It was an offhand comment, but quite powerful to me. We were talking about how her organization had changed in the past two and half years since we began implementing the Model. She’s the Director of Clinical Services for an organization in Southwest. When we started working closely, they were at 85 average daily census and today they’re over 150. But that wasn’t what she was talking about.
In her New Zealand accent that could charm snakes, she said, “Everything just seems more peaceful.” When we started working together things didn’t feel so peaceful. Service failures were regular occurrences, three or four a week. She was overwhelmed putting out fires. Now, she says, they are just occasional occurrences.
What changed is important, but what didn’t change is important too. As they implemented their model, this organization focused deeply on the visit. They believed us when we said that if they spend their time perfecting the visit, everything changes. Yes, there was turnover. More than with most organizations who implement their Model. But this Director and her CEO say virtually all the turnover resulted in better hires and stronger clinicians who appreciated the attention to training and detail. And, under their Model, they have the money to pay better.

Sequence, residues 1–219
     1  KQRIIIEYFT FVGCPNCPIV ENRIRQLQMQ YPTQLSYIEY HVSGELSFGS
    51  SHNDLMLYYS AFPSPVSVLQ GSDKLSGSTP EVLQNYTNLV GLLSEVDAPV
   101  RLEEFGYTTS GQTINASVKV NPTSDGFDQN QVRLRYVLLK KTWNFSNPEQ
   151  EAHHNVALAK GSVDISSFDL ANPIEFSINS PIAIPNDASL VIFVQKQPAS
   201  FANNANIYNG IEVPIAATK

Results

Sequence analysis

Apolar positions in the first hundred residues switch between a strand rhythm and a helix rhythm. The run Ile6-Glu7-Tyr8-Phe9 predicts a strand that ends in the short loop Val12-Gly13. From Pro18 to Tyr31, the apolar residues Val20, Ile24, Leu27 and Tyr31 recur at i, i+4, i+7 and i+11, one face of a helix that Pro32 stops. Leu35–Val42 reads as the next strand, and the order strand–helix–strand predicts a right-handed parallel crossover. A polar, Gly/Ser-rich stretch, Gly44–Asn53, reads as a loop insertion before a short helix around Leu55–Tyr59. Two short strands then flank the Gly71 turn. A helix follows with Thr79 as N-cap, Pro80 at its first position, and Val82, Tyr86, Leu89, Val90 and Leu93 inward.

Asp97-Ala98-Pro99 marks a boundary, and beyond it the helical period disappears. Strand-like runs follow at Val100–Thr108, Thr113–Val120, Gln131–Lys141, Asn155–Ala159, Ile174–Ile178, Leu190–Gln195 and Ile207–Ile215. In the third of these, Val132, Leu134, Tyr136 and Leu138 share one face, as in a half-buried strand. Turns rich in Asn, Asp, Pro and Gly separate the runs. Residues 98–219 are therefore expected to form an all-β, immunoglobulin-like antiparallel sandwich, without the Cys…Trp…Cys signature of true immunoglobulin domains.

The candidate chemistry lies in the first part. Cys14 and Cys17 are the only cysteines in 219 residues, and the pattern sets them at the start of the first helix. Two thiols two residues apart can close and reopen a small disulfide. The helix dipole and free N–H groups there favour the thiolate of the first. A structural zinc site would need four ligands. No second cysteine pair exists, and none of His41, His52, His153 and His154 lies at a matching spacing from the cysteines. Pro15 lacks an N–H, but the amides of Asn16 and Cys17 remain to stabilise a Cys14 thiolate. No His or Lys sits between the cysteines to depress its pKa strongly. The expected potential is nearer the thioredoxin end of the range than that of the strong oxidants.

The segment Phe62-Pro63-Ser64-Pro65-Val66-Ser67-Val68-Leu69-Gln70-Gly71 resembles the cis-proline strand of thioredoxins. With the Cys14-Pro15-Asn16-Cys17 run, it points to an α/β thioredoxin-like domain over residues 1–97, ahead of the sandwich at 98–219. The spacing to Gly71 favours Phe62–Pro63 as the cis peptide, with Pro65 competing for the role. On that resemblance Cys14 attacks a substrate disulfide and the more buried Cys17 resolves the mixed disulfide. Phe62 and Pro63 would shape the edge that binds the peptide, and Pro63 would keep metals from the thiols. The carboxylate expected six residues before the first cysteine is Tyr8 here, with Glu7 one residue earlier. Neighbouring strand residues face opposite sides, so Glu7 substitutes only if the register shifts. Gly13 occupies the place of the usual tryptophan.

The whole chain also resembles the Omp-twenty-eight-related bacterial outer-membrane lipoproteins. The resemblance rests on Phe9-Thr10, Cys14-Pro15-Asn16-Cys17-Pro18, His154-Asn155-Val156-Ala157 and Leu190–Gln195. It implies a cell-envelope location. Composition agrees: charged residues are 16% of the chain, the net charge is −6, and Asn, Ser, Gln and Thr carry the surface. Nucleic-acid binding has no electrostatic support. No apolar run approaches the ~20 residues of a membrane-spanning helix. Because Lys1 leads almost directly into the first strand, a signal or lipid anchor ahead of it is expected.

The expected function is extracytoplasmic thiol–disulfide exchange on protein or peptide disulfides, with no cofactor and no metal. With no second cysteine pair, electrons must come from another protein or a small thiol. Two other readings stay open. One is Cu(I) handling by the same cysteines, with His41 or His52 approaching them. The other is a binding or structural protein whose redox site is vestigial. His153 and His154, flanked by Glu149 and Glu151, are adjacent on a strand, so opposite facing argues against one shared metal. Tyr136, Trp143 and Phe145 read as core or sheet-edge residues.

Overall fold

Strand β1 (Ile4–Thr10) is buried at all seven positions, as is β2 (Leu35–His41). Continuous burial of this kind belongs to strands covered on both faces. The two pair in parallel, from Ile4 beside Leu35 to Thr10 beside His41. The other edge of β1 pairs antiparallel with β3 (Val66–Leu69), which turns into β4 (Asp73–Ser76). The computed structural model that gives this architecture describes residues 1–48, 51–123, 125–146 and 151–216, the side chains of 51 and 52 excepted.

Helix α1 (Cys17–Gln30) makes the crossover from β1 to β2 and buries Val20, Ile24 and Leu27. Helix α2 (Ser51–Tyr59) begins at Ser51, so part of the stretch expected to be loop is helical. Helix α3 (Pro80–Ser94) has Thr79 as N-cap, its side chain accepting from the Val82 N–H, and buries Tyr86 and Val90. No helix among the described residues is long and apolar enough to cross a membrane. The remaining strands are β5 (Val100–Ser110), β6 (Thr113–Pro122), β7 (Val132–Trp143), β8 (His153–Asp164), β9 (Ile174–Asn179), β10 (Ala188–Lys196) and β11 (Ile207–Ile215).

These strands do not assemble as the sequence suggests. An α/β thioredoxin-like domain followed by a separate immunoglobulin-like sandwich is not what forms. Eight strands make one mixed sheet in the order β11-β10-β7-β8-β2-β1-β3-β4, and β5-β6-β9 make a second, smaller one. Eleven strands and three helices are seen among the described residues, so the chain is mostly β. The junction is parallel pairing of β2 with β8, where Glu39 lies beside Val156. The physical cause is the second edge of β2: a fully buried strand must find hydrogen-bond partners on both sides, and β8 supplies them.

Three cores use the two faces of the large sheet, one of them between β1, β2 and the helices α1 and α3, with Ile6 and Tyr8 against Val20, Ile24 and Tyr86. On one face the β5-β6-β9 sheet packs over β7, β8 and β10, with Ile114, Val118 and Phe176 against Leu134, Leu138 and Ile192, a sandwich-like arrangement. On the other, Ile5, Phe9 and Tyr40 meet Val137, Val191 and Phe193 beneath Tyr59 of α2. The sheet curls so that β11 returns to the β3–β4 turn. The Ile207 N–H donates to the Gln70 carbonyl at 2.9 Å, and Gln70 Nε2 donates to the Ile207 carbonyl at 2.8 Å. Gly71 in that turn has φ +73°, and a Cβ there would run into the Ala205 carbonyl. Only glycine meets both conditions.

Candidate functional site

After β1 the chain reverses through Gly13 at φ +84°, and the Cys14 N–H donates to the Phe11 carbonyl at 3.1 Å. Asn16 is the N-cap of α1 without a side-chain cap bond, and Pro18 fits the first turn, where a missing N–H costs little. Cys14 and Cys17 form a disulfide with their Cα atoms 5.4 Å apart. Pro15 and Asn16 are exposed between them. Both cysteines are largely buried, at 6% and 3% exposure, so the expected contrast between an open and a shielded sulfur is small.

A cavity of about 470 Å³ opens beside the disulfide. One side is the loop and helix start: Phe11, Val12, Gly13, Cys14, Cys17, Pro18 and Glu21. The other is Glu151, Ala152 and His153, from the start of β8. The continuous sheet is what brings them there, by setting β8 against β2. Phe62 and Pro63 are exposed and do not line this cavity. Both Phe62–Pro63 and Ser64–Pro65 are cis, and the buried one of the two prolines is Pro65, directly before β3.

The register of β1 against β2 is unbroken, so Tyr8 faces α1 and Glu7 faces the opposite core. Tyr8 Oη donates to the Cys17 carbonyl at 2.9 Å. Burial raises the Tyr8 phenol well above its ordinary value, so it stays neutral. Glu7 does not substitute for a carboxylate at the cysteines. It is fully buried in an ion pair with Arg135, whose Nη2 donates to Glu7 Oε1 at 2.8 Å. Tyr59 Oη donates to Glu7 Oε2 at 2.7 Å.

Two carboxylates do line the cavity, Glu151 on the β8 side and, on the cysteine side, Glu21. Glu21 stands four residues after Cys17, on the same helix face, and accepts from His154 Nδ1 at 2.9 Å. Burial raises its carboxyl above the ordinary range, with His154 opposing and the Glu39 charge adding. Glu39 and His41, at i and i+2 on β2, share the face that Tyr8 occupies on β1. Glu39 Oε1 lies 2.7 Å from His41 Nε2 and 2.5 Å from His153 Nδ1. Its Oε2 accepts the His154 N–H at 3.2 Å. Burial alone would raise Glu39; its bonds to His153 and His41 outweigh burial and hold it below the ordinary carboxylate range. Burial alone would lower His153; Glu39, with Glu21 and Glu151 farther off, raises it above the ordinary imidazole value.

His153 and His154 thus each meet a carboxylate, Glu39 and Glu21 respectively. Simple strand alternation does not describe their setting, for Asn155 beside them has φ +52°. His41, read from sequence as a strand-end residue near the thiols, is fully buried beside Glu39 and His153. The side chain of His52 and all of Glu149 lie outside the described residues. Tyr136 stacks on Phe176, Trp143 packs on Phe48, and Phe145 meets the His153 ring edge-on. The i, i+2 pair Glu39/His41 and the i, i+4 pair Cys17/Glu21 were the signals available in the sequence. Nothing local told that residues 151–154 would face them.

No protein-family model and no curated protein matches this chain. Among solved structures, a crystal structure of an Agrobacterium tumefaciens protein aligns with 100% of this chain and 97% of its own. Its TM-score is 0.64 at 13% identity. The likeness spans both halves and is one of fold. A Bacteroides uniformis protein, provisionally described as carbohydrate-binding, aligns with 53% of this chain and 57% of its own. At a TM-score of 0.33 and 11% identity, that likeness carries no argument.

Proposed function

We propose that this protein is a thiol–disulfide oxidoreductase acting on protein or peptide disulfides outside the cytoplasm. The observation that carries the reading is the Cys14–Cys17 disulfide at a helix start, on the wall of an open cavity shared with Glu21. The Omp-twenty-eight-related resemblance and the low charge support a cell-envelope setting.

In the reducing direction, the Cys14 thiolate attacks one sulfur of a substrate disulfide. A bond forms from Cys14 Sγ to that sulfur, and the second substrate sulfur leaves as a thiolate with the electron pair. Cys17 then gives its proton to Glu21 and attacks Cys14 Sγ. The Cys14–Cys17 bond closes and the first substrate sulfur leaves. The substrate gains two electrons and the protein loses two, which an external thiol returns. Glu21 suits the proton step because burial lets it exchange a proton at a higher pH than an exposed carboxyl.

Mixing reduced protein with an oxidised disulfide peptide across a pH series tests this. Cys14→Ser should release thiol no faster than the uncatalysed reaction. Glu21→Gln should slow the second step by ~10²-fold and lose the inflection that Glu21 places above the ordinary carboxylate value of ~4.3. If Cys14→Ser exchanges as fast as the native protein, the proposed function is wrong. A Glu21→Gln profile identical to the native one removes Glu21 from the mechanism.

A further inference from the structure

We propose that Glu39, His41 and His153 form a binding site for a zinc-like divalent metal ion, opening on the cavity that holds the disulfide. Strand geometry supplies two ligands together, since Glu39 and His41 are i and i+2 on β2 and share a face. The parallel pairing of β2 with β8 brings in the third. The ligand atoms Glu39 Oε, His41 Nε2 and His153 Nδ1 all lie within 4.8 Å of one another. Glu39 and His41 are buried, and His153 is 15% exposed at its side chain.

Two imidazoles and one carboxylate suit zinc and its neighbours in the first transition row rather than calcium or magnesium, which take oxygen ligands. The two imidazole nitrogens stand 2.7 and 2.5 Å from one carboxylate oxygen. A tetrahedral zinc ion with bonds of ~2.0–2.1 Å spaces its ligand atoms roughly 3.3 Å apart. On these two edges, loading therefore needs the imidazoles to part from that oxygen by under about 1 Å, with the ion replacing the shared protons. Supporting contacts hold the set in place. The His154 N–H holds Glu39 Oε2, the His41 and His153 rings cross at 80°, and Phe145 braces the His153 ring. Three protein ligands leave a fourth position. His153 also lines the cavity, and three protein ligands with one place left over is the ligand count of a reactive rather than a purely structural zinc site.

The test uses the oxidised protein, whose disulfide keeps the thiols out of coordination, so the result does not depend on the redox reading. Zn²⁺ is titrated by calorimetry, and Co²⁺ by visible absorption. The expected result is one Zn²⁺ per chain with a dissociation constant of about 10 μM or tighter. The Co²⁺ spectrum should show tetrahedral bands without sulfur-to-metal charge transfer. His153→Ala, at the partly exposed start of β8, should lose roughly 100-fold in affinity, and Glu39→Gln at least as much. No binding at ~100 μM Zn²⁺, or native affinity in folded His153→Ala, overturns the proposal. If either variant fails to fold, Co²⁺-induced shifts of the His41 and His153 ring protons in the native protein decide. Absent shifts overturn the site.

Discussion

But some things didn’t change, and this is important too. As they nearly doubled in census over two and half years, they didn’t add much indirect staff. They added a marketer and another clinical manager. The marketer made it. The clinical manager did not, yet they didn’t feel any pressure to replace her. With the net increase of one indirect staffer, they are handling almost twice as many patients and feeling more peaceful. Here’s how that helped them: For every additional indirect staffer you hire, you add complexity to the organization. You add another voice saying, “We must . . . .” You add another agenda and another person tempted to fill her days with what feels important. Even if it’s not.
This organization chose the simple path. Become extraordinarily good and one thing. And their lives, simplified.